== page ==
ON IN CINEMAS
First Man (2018) dir: Damien Chazelle, starring Ryan Gosling
"That's one small step for man, one giant leap for mankind"
This biopic of Neil Armstrong, the first astronaut to walk on Earth’s moon, features Ryan Gosling in the central role. It starts out by showing him undergoing a dangerous test flight which breaks through the Earth’s atmosphere. After it is pronounced a success, Armstrong is drafted into a program designed to beat the U.S.S.R.’s achievements in The Great Space Race: a manned flight to the moon.
The film follows his progress towards that fateful 1969 “Giant leap for mankind” as he undergoes gruelling rounds of training and tests while navigating family life on the N.A.S.A. base with his wife Janet (Claire Foy) and two sons. However, it soon becomes clear from the increasing number of his colleagues who don’t survive these dry run exercises that there’s a considerable inherent danger involved. While the stoic and emotionally-closed Armstrong deals with these challenges in his own quiet way, Janet becomes increasingly fraught. Meanwhile, a media and political circus encroaches them all as they move inexorably towards their ultimate goal: the Apollo 11 flight.
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More Oscar controversy for Chazelle?
Damien Chazelle’s previous film, La La Land, won a lot of 2017 awards season buzz as well as a subsequent backlash from critics who were wondering if it really deserved its record-tying 14 Oscar nominations. First Man looks like it may well repeat the same pattern, albeit likely to a less pronounced extent. While reviews so far have been overwhelmingly positive, Richard Brody of The New Yorker has accused it of being right-wing propaganda whilst a handful of others have felt that it fails to fully tackle the story’s emotional quandaries.
The cinematic draw of First Man is evident right from the mixture of awe and white-knuckle terror imbued by the opening sequence depicting a test flight. After plenty of shaky-cam and an exhilarating pass through cloud layers, the spacecraft enters a place of stasis, silence and pitch-darkness… before Planet Earth looms into view outside the window and the soundtrack buzzes afresh. When the film is off the ground, it’s a transcendent experience of near-flawlessly realistic visual and sound design combined with moments of pure edge-of-the-seat suspense.
The film also deserves to be applauded for not soft-pedalling on the fact that, when it comes down to it, the astronauts were (more or less) willingly expendable human guinea pigs to be sacrificed at the altar of executing a grand vision. While we’re reminded throughout of the danger which they inevitably faced while carrying out their politically-important work, the most shocking moment comes when the interior of a landing capsule incinerates inside, with a plume of flame lapping mere inches from the faces of its two unfortunate would-be pilots. This ends in an explosion seen from the outside of its thick metal hulk - resulting in a subdued boom and a mere bump in the entry hatch. It’s the most effective type of chill: the restrained kind.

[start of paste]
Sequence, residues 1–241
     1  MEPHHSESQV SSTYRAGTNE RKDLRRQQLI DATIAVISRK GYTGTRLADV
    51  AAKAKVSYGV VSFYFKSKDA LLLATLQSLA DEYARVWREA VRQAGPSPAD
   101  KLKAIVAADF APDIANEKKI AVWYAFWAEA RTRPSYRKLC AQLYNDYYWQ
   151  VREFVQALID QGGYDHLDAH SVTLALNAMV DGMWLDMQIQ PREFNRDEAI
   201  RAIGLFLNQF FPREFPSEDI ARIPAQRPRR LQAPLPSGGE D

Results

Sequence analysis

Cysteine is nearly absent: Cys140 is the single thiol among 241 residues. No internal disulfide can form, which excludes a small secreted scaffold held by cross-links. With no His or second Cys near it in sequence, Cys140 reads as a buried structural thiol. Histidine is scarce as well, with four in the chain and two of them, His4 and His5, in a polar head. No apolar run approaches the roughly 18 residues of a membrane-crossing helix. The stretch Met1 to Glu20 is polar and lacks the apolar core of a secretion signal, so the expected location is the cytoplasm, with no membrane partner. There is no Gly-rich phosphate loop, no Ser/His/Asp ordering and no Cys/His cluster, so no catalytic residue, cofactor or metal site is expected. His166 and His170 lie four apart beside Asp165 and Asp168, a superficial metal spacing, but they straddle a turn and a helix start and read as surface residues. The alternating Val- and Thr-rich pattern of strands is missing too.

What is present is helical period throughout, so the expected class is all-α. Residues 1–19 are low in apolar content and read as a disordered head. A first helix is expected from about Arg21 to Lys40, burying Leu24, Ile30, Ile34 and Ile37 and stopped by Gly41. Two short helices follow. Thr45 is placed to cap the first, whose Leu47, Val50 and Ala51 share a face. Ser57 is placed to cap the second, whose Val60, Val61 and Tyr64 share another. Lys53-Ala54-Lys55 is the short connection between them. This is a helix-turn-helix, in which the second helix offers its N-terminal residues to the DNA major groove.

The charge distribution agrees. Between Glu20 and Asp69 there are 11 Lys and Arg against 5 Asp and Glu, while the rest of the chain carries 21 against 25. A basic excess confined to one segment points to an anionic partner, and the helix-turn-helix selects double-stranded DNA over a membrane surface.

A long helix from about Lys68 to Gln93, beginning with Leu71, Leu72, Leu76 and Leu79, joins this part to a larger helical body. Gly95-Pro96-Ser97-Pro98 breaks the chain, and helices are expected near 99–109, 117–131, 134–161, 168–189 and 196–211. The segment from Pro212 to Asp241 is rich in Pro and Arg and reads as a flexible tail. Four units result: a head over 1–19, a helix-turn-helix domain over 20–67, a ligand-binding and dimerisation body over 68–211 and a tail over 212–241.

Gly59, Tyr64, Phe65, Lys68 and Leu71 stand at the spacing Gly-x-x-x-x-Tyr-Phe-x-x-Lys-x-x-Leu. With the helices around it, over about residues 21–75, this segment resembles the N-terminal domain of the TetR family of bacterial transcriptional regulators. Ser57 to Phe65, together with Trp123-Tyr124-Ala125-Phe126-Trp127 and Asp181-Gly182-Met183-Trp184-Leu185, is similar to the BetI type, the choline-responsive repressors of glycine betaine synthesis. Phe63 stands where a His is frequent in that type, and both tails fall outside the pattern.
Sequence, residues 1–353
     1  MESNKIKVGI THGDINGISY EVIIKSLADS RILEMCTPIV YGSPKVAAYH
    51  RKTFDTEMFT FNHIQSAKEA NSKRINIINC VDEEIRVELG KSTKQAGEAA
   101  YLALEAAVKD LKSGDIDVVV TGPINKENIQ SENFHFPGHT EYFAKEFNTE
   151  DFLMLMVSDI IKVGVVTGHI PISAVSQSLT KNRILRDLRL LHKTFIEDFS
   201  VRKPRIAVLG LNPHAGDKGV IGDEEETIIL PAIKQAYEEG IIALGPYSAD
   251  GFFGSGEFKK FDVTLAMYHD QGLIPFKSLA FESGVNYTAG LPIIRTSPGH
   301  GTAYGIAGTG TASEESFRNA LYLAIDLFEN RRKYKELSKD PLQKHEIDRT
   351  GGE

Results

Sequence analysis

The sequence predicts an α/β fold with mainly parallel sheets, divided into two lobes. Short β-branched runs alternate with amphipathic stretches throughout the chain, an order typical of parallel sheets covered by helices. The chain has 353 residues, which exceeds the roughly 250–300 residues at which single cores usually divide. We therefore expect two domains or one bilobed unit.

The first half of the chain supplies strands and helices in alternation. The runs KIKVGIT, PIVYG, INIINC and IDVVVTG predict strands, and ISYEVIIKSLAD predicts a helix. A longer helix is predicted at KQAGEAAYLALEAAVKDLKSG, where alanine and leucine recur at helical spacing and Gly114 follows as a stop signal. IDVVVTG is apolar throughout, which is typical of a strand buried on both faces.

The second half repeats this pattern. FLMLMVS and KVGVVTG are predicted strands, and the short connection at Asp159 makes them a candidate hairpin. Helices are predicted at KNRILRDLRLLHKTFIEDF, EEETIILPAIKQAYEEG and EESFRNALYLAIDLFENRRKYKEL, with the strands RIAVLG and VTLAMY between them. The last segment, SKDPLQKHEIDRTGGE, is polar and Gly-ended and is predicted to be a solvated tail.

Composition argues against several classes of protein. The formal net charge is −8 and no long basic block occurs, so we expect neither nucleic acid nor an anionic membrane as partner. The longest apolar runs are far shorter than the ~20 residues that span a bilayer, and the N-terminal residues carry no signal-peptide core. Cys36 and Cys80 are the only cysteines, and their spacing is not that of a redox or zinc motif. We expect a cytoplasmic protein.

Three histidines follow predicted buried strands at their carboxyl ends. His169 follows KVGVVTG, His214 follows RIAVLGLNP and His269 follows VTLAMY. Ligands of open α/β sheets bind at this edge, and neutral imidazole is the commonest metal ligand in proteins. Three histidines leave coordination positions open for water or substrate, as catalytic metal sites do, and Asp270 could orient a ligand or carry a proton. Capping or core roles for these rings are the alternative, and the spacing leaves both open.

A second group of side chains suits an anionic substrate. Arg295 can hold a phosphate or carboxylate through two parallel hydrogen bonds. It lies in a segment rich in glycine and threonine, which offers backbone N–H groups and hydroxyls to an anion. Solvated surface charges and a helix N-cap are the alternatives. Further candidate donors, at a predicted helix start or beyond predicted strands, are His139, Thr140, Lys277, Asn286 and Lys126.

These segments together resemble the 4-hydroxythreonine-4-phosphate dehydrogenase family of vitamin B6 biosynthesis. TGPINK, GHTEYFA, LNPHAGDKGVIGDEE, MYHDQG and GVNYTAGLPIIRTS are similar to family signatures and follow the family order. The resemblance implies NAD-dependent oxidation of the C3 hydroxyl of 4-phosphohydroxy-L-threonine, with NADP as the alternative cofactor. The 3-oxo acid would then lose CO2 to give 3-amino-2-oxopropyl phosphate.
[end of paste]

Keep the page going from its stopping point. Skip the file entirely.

Lacking in the human dimension
However, when the film concentrates on the human dramatic aspects, it finds wanting. Once again, Chazelle displays his acumen for making these scenes pleasing in an audio-visual sense. His use of a dusky, hazy, autumnal visual palette effectively sees through the eyes of someone for whom, at any given time, these images could his last sights. Unfortunately, the whole all comes across as being rather distant because the characters lack colour or depth. Ryan Gosling plays Armstrong as yet another of his low-key, emotionally-contained types. Okay, so he’s in his element playing this kind of part but he doesn’t add anything new to the table this time around. While Claire Foy is much more expressive as Janet Armstrong, her role amounts to nothing more than a one-note fretting spouse. Of course, American women’s roles within the family unit were usually far more constrained than what we would see today. Even so, we hardly get any sense of her being defined as a human being outside of being a traditional homemaker. The other roles here are even more thinly-sketched.
I’m not saying that First Man is a bad film by any means; it’s a solidly respectable one with several outstanding moments of pure cinema. However, one can’t help but compare it with The Right Stuff (1983), an account of America’s earliest astronauts which, give or take, functions as its chronological prequel. While that film had its technically impressive and transcendentally beautiful depictions of test and space flights, it also managed to feature an array of lively, distinctively-defined real-life personae played by a cast of then-upcoming actors, as well as a sly dash of welcome satirical humour. First Man, on the other hand, fails to find the same human pulse.
It’s more of a small step for filmmaking than the giant leap that it should have been.
Runtime: 141 mins
Dir: Damien Chazelle
Script: Josh Singer, based on the book by James R. Hansen
Starring: Ryan Gosling, Claire Foy, Jason Clarke, Kyle Chandler, Corey Stoll, Ciarán Hinds, Christopher Abbott, Patrick Fugit, Lukas Haas, Olivia Hamilton